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Michael Clarke up the order will provide batting stability: David Warner

Press Trust of India
Mar 12, 2013 at 02:26pm IST

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Mohali: Australian opener David Warner feels skipper Michael Clarke moving up the batting order will provide a much-needed solidity to his team's fragile top-order and turn their fortunes in the remaining two Tests. "I just think it (Clarke coming up the order) will stabilise us a lot. Instead of losing three wickets we might only lose one wicket and rotate the strike more," Warner said.

"It is about the top four knuckling down and scoring runs - that's the main issue. If we can do our job right, there is no reason to reshuffle the order. I think that is the reason why (selectors) are thinking (about) it," he added. Clarke, who has looked the only Aussie batsman to have some clue about negotiating the Indian spin trio, has considered promoting himself to as high as number three for the third Test starting on Thursday in Mohali.

The current number three Phillip Hughes has been struggling against the Indian spinners (25 runs in four innings) and could have been replaced by Usman Khwaja before the Pakistani-born was axed from the side along with others on disciplinary grounds. Warner, however, defended Hughes saying he will come good and just need the backing of the selectors.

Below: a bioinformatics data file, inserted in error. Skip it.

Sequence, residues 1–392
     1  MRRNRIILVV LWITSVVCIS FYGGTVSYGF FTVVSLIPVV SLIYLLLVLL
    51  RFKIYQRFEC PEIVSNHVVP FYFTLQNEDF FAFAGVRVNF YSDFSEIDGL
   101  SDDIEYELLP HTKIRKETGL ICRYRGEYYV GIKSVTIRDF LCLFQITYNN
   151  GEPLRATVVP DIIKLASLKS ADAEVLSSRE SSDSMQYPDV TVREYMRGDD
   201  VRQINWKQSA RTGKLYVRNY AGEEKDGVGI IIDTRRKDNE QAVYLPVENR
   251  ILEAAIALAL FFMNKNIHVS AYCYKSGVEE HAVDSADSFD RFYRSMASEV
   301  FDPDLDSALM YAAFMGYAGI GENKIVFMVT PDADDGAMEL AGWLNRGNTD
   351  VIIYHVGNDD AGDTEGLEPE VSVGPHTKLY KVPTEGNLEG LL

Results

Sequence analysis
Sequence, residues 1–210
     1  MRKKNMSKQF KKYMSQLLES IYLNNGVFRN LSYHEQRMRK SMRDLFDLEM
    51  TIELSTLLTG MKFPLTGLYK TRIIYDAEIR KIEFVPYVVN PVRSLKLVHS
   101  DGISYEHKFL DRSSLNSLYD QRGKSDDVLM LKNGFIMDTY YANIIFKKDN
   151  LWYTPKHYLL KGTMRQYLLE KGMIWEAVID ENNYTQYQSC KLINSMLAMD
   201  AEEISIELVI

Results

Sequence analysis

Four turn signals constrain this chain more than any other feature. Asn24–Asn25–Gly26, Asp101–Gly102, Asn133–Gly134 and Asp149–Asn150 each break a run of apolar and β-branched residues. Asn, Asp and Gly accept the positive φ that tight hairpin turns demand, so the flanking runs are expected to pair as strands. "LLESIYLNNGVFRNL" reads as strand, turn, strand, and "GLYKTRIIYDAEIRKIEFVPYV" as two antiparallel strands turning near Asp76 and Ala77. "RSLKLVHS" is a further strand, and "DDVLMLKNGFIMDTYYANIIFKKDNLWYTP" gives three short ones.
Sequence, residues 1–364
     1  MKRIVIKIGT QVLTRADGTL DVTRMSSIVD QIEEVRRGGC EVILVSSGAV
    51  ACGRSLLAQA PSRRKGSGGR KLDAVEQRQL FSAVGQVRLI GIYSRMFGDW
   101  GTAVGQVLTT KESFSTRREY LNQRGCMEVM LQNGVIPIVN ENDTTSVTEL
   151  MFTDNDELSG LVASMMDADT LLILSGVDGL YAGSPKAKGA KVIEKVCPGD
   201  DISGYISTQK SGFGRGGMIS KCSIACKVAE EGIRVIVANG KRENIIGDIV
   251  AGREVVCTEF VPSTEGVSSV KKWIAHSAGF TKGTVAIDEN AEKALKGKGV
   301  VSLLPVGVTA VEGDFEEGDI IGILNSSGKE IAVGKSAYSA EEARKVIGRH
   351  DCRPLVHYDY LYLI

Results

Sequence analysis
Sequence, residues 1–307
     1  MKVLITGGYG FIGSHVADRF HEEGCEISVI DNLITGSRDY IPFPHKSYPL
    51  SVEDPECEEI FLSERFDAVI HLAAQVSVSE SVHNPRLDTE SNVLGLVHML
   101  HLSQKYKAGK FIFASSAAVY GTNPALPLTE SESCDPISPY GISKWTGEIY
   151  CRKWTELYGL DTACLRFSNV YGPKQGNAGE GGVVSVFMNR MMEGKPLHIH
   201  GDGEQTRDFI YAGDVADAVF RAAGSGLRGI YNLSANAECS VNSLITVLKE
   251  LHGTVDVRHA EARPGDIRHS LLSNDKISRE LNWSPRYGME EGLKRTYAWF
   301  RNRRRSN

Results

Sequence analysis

Clarke up the order will provide batting stability: Warner

David Warner feels skipper Michael Clarke moving up the batting order will provide a much-needed solidity to his team's fragile top-order.

"Phil is in a patch at the moment where he isn't scoring as many runs as he would like, but I'm sure if the selectors stick by him he will come good," the explosive opener was quoted as saying by Australian media here. "He is the type of player who always puts runs on the board, especially when he scores a hundred he scores a big hundred. It's only a matter of time.

"I just think it's more of a time thing and being patient. I know personally I like to play shots so I have to hold back to not play any shots, but if I play shots with the ball turning away, that brings first and second slip (into play). "If he keeps working hard on batting time and play with the spin, he will be fantastic, I reckon," he said.

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